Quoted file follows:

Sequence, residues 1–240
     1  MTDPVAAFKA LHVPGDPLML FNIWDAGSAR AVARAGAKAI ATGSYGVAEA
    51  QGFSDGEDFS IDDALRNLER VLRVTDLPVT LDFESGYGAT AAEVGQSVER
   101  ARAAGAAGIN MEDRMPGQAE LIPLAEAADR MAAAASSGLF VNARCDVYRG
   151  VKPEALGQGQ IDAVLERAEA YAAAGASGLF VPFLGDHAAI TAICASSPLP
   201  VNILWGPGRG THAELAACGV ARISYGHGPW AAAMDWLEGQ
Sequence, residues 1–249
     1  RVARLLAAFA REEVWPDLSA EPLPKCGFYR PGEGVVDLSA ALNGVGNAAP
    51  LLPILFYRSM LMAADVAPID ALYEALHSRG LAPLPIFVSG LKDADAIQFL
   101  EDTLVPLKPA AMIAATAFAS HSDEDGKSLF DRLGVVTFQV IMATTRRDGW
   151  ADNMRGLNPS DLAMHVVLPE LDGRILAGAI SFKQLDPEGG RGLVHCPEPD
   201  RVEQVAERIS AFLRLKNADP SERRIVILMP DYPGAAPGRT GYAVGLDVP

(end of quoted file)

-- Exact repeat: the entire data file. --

Sequence, residues 1–240
     1  MTDPVAAFKA LHVPGDPLML FNIWDAGSAR AVARAGAKAI ATGSYGVAEA
    51  QGFSDGEDFS IDDALRNLER VLRVTDLPVT LDFESGYGAT AAEVGQSVER
   101  ARAAGAAGIN MEDRMPGQAE LIPLAEAADR MAAAASSGLF VNARCDVYRG
   151  VKPEALGQGQ IDAVLERAEA YAAAGASGLF VPFLGDHAAI TAICASSPLP
   201  VNILWGPGRG THAELAACGV ARISYGHGPW AAAMDWLEGQ
Sequence, residues 1–249
     1  RVARLLAAFA REEVWPDLSA EPLPKCGFYR PGEGVVDLSA ALNGVGNAAP
    51  LLPILFYRSM LMAADVAPID ALYEALHSRG LAPLPIFVSG LKDADAIQFL
   101  EDTLVPLKPA AMIAATAFAS HSDEDGKSLF DRLGVVTFQV IMATTRRDGW
   151  ADNMRGLNPS DLAMHVVLPE LDGRILAGAI SFKQLDPEGG RGLVHCPEPD
   201  RVEQVAERIS AFLRLKNADP SERRIVILMP DYPGAAPGRT GYAVGLDVP